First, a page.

Screening for ovarian cancer is not recommended in average-risk women. Hopefully that will change in the near future, but presently there are no effective screening methods for a low-risk population. CA-125 blood tests are used to follow known ovarian cancers and their response to treatment, but it is not an effective screening tool.

7 – Lung cancer.

Screening for lung cancer is recommended yearly for moderate to heavy smokers over 55 by performing low-dose CT scanning (formerly known as a CAT scan). Screening reduces death from lung cancer by 20 percent. Lung cancer is the No. 1 cause of cancer death in women and has the highest five-year mortality rate of any cancer. Women who smoke are 13 times more likely to get lung cancer than those who don’t.

Technician positions a woman to receive a mammogram | Public domain photo, St. George News

8 – Breast cancer.

Screening for breast cancer with mammography is recommended to start at age 40-50 at one- to two-year intervals (there is no consensus). The reason there is no consensus is that mammograms unfortunately show only a very small decrease in breast cancer mortality, and self-exams are no longer encouraged because of lack of evidence.

Look for an upcoming feature in which I will talk about what mammography does and doesn’t do for you in greater detail. It is very important for women to have a clear idea of what the risks and benefits are of mammography to make informed decisions about their health. Coming soon ….

9 – Skin cancer.

Depending on your risks, it is recommended to have a skin exam every one to three years if you have risk factors for melanoma as recommended by your dermatologist. If you are at low risk, your primary doctor (family practitioner or OBGYN) should be able to screen your skin for skin cancers and pre-cancerous changes.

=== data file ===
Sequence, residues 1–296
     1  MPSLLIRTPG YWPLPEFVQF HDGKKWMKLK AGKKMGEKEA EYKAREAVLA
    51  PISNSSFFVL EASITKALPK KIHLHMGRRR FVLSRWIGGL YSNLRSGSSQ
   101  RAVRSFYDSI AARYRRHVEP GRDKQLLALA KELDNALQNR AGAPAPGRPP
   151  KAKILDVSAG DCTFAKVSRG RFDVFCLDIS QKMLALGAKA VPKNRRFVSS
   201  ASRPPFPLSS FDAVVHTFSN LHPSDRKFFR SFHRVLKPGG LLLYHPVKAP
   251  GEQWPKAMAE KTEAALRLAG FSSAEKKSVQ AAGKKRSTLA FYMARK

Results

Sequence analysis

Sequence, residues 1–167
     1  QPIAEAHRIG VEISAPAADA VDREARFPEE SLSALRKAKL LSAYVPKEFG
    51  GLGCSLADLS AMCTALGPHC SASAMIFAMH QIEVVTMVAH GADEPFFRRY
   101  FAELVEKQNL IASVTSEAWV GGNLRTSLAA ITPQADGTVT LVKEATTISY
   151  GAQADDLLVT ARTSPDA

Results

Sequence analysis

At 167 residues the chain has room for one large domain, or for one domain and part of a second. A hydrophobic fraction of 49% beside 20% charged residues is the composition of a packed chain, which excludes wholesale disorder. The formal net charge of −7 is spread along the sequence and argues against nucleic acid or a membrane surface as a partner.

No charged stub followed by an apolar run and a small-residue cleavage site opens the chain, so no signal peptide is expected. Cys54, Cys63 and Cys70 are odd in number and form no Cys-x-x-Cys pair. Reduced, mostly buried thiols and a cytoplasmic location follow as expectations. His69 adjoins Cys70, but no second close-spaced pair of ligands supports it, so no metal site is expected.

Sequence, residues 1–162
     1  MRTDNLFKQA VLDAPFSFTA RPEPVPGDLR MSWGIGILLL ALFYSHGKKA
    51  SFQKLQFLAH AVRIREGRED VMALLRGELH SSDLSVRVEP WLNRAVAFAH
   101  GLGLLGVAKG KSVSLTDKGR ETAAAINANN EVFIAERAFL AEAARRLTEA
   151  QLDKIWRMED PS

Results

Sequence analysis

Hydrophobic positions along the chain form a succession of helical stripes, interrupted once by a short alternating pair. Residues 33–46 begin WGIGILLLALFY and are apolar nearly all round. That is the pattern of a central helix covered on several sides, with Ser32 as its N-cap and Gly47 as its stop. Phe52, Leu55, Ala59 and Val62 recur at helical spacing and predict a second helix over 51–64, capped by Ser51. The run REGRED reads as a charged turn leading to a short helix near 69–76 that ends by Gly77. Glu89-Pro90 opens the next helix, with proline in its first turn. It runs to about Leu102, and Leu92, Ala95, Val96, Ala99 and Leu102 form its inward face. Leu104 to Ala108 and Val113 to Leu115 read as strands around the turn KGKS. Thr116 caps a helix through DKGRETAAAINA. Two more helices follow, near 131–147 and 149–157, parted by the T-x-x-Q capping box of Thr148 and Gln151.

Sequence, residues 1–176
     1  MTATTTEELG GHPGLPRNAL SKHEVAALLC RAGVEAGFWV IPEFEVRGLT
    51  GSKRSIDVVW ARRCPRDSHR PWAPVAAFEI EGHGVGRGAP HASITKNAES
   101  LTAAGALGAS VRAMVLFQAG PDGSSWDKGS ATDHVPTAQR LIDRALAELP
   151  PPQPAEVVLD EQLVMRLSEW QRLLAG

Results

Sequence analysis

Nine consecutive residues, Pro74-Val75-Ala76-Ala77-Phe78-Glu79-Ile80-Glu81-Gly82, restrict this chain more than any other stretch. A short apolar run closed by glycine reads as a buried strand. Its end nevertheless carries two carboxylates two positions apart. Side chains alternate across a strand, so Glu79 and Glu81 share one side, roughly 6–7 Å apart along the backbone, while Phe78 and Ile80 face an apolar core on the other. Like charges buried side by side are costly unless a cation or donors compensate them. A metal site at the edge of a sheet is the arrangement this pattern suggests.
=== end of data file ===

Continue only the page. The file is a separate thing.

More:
Of the three main types of cancers (basal cell, squamous cell and melanoma), only melanomas are metastatic and potentially fatal. They can be anywhere (even in places that the sun doesn’t shine). Make sure your skin gets carefully examined.

This graphic illustrates common osteoporosis locations | Photo by BruceBlaus via Wikimedia Commons, St. George News

10 – Osteoporosis.

Screening for osteoporosis in normal-risk women should not start until age 65 or about 15 years after entering menopause. Screening is done by DEXA scan (like an X-ray). If your bone density is normal, current recommendations are that you do not need to be tested again for 10-15 years.

If your DEXA/fracture risk shows some thinning of bone (osteopenia), you should be tested no sooner than every three years. Data shows that more frequent or earlier testing is not effective.

One final suggestion: All other screening, lab work and testing should be based on specific concerns or risks.

  • Many people get thyroid tests, blood counts, liver function testing and renal testing just as routine. These are not recommended screening tests.
  • Getting blood work just out of routine every year is not recommended, is unnecessarily expensive (increasing the costs of health care even more) and is not beneficial to you.

Knowledge is power. You have every right to participate in the decisions regarding how you are screened and treated for disease. Like everything else in life, the more you know, the better you can be involved with your own health care.